Fleas on cats
- Fleas are a common problem that most pet owners have to deal with at some point.
- As well as being extremely irritating, fleas can lead to skin problems, allergic skin disease and in some cases serious conditions such as anaemia (blood loss).
- 95% of a flea problem lives in the home – if your cat has fleas, your home does too!
- Prevent fleas by regularly treating your pets (and home) with a licensed flea product.
Fleas are tiny insects that bite and cause itchy skin. They can lead to skin problems, especially in cats with flea allergies, and can even cause anaemia (blood loss) in kittens. Fleas are most common during the summer months and can be caught from other animals, the outdoors, or from your home (if they’ve been brought in on shoes or clothes).
How to tell if your cat has fleas
Not all cats with fleas have symptoms, but you may notice the following:
When to contact your vet
If you think your cat has fleas, call your vet practice for advice. If they have had a vet check recently, it’s likely you’ll be able to collect a flea product without them being seen, but if they haven’t been examined in a while, or have developed skin problems due to fleas, they will need an appointment.
How to get rid of fleas
To treat fleas you need to:
Treat your cat - treat your cat and any other cats, dogs and rabbits in the house (on the same day). Ideally use a prescription product from your vets, but if this isn’t possible, use an NFA-VPS product. Products you can buy of the shelf, without a prescription (e.g. from a supermarket or pet shop) often contain less effective ingredients
Treat your home - 95% of a flea infestation is in the home, this means that if your cat has fifty fleas on them, your home is likely to have up to one thousand fleas and eggs - and they can survive for up to a year! You can buy household flea spray from your vets or online.
WARNING: Never put a dog flea treatment or a household flea spray on a cat. They often contain ‘permethrin', which is extremely poisonous to cats (as well as fish and birds). Contact your vet immediately if your cat has come into contact with a dog flea treatment, or household flea spray.
Other necessary treatment. Fleas can transmit worms, so your cat should be wormed at the same time as being treated for fleas. They may also need treatment for their skin if they have developed sores/irritation.
Which flea treatment?
There are three types of flea treatment available:
Prescription flea treatments - proven and effective products that can only be prescribed by a vet. If your cat is healthy and visits your vet regularly, your surgery may be happy to dispense prescription flea products without an appointment, but if they haven’t been examined for a while, you will need to book an appointment for them to be checked.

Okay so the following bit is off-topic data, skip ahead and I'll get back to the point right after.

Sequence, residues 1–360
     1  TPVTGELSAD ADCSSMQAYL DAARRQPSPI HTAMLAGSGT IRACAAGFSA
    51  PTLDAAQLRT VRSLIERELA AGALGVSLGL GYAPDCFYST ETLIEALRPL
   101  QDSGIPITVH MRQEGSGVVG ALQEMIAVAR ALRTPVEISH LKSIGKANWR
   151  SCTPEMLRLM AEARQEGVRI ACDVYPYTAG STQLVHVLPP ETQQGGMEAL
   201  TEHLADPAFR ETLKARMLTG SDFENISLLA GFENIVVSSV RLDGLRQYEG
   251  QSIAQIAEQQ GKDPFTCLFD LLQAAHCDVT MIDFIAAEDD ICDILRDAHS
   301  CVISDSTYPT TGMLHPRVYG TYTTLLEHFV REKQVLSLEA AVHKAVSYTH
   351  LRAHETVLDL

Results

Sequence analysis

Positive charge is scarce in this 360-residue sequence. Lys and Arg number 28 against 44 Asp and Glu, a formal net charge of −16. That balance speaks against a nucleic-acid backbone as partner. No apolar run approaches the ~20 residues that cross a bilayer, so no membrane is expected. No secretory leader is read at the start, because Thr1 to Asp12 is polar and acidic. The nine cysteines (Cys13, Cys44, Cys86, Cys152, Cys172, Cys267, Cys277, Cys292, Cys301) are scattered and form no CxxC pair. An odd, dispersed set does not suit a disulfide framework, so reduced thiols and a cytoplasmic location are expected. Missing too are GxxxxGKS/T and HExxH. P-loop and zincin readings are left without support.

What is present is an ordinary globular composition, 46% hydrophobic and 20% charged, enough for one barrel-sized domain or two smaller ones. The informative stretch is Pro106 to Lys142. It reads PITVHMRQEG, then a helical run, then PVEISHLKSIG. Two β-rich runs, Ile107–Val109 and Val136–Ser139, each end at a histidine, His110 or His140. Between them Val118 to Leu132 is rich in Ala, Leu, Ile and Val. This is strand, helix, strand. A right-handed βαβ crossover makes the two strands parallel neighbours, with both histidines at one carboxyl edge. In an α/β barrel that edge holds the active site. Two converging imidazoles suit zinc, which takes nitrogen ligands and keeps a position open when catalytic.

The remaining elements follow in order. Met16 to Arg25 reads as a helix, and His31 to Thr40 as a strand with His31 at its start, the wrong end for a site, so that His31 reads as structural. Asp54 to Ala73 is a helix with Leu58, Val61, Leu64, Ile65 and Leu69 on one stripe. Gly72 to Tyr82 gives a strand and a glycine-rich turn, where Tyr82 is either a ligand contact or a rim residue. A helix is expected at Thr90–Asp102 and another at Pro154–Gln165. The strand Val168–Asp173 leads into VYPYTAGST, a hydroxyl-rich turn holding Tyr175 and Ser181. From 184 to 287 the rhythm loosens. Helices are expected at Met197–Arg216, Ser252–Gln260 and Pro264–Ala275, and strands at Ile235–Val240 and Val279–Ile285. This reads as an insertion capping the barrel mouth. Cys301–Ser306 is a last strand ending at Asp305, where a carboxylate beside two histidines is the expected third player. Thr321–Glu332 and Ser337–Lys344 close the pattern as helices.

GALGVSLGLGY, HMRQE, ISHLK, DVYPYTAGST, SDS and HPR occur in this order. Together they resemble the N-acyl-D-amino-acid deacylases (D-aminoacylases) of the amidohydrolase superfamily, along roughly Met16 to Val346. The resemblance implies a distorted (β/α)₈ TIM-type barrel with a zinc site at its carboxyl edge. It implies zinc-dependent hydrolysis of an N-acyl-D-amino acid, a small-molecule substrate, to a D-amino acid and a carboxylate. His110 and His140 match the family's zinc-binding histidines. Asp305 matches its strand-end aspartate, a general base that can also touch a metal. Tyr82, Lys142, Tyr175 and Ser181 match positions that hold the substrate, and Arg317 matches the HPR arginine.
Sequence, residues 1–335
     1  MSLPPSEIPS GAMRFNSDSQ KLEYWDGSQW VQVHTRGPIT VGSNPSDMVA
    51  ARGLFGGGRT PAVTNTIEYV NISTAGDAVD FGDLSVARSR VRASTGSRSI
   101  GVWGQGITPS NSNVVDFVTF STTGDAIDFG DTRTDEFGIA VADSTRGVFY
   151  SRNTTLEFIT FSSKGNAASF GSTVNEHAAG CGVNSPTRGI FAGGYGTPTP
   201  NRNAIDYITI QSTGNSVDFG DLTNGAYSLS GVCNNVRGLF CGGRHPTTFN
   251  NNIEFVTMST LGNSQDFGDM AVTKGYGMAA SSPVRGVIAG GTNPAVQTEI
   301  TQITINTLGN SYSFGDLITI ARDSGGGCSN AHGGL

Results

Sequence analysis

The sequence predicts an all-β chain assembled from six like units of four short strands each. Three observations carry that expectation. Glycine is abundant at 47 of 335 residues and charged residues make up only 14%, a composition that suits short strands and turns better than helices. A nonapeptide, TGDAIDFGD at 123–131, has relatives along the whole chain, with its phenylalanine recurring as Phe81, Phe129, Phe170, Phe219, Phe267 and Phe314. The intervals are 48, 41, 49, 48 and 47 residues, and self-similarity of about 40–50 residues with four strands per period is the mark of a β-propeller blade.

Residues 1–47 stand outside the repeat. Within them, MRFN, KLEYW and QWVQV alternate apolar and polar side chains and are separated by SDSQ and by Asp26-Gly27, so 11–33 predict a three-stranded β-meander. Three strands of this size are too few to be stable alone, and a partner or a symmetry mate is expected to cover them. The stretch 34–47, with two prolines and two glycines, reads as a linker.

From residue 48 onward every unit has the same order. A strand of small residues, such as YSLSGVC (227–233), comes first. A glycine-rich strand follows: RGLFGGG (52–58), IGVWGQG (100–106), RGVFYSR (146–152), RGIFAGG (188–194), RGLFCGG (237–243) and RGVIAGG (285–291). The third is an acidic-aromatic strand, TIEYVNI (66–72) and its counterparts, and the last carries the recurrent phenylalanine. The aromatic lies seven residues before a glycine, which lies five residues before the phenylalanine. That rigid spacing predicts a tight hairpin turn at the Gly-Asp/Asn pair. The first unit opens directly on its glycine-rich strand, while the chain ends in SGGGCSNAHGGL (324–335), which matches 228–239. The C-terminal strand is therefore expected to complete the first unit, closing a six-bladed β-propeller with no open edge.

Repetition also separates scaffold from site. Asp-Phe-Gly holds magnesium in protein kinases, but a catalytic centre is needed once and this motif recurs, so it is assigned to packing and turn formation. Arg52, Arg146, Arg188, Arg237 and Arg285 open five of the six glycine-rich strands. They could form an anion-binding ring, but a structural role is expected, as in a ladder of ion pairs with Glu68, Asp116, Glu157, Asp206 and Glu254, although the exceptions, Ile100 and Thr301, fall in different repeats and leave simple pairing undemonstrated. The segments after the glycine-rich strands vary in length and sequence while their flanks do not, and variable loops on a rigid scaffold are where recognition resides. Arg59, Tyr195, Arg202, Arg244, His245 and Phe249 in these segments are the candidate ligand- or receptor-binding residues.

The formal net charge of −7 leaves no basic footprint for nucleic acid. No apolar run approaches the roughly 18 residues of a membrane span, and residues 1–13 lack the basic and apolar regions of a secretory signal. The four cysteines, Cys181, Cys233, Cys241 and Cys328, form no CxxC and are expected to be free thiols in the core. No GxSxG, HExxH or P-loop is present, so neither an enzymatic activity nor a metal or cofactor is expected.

- ‘Off the shelf’ treatments - these can be bought ‘off the shelf’ without a prescription from supermarkets and pet shops. They tend to contain non-proven/less effective ingredients than prescription and NFA-VPS products.
- ‘NFA-VPS’ treatments - these can be bought without a prescription, but are only available from locked cupboards in pharmacies, vet clinics and pet shops. NFA-VPS products tend to be more effective than ‘off the shelf’ products, and you will need to know your cat’s weight to buy one.
It can take a few weeks to sort out a flea problem, but once they’ve gone it's easy stop them coming back:
- De-flea all of your cats, dogs and rabbits as regularly as your vet recommends (depends on which flea product you’re using).
- De-flea your home once a year.
- Keep your home clean by vacuuming regularly.
- Keep pet bedding clean by washing it at 60°C.
- Only allow flea-free cats, dogs and rabbits into your home.
- Regularly check your pets for flea dirt, particularly around their back end and above the base of their tail.
Can humans catch fleas?
Fleas can’t live on humans, but can bite us. If your pets have fleas, your home will too and you may notice itchy bite marks around your ankles or on your arms. Contact your pharmacist, doctor or the NHS if you have skin irritation that’s worrying you.
What if I can’t get hold of a flea treatment for my cat?
If you are unable to get a prescription flea treatment from your veterinary practice, you may need to consider temporarily using a non-prescription product (from a pet shop, or online). If your pet has a condition that requires prescription flea treatment, it's important to contact your vet to discuss your options.
Published: July 2020
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Written by vets and vet nurses. This advice is for UK pets only.
Illustrations by Samantha Elmhurst